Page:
Partial Text: Leptospirosis is a worldwide zoonosis transmitted by chronically infected animals, through excretion of bacteria in their urine, contaminating the soil and water. Pathogenic Leptospira interrogans (L. interrogans) are spiral motile bacteria that enter a diverse range of hosts through broken skin and mucosa. Infected humans develop either a flu-like, usually mild illness, or severe disease with renal, liver and heart failure, and eventually pulmonary hemorrhages that may be fatal. Leptospirosis is a reemerging and under-diagnosed neglected zoonotic disease, that may increase worldwide because of global warming and uncontrolled urbanization [1]. In East Asia, leptospirosis is a serious health issue affecting paddy field workers, and people living in regions often flooded after typhoons. Frequent outbreaks of leptospirosis occur in developing countries, where a large part of the population lives in slums with poor urban sanitation, in close contact with infected rats. In Europe, leptospirosis affects people in contact with animals, or taking part in outdoors activities in water environments [2]–[4]. The pathophysiology of leptospirosis remains poorly understood. Leptospirosis has been studied in animal models by immunohistochemistry to assess pulmonary, hepatic and renal lesions [5], [6]. Different techniques, such as direct isolation and subsequent culture of leptospires from organs and body fluids, electron microscopy and more recently, quantitative real time polymerase chain reaction (q-PCR) of leptospiral DNA, have been very useful to better understand the course and burden of leptospires in their hosts [7]–[9]. Nowadays, in vivo imaging of small live animals is easily performed, allowing non-invasive longitudinal monitoring of disease progression using luminescent or fluorescently labeled microbes [10]. One such study has recently been performed with L. interrogans in transparent Zebrafish embryos, demonstrating fast uptake of leptospires by phagocytic cells [11]. However to our knowledge, no dynamic study of the in vivo dissemination of leptospires has been undertaken in mammals. Two teams have succeeded in constructing genetically modified leptospires species expressing either fluorescent GFP or mRFP proteins [12] or luciferase from a luxCDABE cassette from Photorhabdus luminescens[13]. These labeled strains proved to be useful tools to easily enumerate the bacteria or for use in in vitro assays. However, these constructs did not allow the monitoring of infection with L. interrogans in cells or in animals. In contrast, a recent study showed the feasibility of using the firefly luciferase gene under the control of a strong promoter to obtain luminescent Borrelia species and track the bacteria in vivo in mice [14]. Therefore, we chose to construct bioluminescent leptospires, introducing a cassette expressing the firefly luciferase gene under the control of a strong leptospiral promoter, by transposon insertion in the chromosome of leptospires [10]. Since the reaction catalyzed by the firefly luciferase in the presence of its substrate, D-luciferin, requires ATP to emit photons, only metabolically active and therefore live bacteria expressing the firefly luciferase are bioluminescent in the presence of D-luciferin.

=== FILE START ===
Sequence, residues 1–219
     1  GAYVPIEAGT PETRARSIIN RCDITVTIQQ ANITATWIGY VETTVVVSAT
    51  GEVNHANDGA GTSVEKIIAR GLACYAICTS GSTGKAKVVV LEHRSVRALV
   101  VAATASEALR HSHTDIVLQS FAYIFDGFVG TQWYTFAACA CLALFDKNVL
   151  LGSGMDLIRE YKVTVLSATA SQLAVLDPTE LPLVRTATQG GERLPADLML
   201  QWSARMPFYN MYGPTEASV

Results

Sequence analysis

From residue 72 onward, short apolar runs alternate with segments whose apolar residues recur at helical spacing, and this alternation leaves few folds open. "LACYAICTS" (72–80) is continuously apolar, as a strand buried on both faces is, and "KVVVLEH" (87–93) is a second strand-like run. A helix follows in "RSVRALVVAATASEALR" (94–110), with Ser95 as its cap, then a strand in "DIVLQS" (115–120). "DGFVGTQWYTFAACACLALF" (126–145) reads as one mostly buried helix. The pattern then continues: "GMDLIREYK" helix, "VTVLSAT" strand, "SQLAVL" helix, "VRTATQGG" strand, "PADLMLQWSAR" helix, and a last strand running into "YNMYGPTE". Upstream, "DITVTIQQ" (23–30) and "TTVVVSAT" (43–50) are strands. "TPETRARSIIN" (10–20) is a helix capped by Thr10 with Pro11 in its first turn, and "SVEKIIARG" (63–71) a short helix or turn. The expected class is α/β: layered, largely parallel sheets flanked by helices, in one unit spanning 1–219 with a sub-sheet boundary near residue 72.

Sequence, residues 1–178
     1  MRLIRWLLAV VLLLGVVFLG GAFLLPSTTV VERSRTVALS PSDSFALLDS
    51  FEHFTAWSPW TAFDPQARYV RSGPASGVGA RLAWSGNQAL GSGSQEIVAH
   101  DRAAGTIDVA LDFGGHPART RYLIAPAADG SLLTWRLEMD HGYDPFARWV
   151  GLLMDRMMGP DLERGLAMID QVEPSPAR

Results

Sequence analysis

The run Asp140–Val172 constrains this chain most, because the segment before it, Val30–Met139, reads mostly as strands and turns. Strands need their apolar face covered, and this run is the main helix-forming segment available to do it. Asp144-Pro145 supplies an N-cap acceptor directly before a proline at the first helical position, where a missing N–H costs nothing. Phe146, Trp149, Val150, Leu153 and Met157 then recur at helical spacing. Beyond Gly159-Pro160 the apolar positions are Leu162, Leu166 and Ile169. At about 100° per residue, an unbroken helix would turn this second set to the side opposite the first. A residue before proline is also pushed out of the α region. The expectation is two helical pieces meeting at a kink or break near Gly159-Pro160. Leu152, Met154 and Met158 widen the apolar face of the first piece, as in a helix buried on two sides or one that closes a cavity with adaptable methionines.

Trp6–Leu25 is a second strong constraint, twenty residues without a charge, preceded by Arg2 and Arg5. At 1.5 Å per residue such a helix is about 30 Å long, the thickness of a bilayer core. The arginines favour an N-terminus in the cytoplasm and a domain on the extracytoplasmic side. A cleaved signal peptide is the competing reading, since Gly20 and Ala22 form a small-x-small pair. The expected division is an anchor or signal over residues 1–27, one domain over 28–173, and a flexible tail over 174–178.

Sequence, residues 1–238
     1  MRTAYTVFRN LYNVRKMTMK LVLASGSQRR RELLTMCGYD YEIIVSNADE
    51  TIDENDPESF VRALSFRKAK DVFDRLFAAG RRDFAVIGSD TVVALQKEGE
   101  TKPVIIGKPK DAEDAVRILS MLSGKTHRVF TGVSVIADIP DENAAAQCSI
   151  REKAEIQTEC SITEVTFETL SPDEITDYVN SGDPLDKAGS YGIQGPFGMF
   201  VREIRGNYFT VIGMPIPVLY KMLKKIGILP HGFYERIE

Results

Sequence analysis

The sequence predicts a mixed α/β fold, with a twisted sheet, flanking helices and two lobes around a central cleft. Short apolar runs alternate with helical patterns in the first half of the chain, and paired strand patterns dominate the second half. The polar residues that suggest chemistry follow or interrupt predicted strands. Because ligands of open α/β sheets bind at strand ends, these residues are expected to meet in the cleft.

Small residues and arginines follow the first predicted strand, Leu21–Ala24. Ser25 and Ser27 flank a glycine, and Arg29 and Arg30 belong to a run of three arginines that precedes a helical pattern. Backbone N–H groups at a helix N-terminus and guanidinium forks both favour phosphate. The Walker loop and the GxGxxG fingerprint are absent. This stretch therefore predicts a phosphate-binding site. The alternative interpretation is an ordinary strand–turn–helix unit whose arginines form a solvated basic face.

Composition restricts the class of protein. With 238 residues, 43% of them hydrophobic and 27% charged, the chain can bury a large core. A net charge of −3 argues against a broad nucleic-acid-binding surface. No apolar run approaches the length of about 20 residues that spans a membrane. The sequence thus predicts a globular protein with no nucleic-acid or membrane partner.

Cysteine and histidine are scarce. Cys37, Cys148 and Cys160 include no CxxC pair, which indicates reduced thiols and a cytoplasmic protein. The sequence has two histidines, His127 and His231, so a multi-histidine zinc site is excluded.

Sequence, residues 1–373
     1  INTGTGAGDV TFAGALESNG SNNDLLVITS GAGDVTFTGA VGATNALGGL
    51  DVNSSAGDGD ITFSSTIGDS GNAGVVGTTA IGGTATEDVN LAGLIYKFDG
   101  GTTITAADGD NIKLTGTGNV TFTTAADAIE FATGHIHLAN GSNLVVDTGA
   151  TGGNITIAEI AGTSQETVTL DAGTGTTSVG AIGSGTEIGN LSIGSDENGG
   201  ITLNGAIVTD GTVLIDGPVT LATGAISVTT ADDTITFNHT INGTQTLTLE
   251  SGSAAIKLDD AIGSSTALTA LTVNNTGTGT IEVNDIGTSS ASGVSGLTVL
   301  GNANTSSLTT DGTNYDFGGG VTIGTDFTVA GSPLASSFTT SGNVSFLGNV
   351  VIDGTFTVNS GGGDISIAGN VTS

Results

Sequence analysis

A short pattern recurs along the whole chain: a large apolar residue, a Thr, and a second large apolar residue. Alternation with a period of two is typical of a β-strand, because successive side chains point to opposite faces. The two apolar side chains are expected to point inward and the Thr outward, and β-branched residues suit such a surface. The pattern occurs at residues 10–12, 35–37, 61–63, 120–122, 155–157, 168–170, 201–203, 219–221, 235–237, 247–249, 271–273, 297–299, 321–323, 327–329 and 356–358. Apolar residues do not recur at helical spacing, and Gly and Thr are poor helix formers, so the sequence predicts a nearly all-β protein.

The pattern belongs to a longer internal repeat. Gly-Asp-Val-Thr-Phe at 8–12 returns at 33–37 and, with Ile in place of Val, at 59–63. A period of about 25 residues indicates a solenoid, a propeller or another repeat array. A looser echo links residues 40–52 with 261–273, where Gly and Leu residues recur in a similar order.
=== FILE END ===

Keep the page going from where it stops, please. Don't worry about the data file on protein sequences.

In this study, bioluminescent strains of pathogenic L. interrogans serovar Manilae were constructed and successfully used in vivo to determine and characterize the kinetics of dissemination of L. interrogans in mice. This new model proved to reproduce both acute and chronic leptospirosis and was further used to test the efficacy of antibiotics.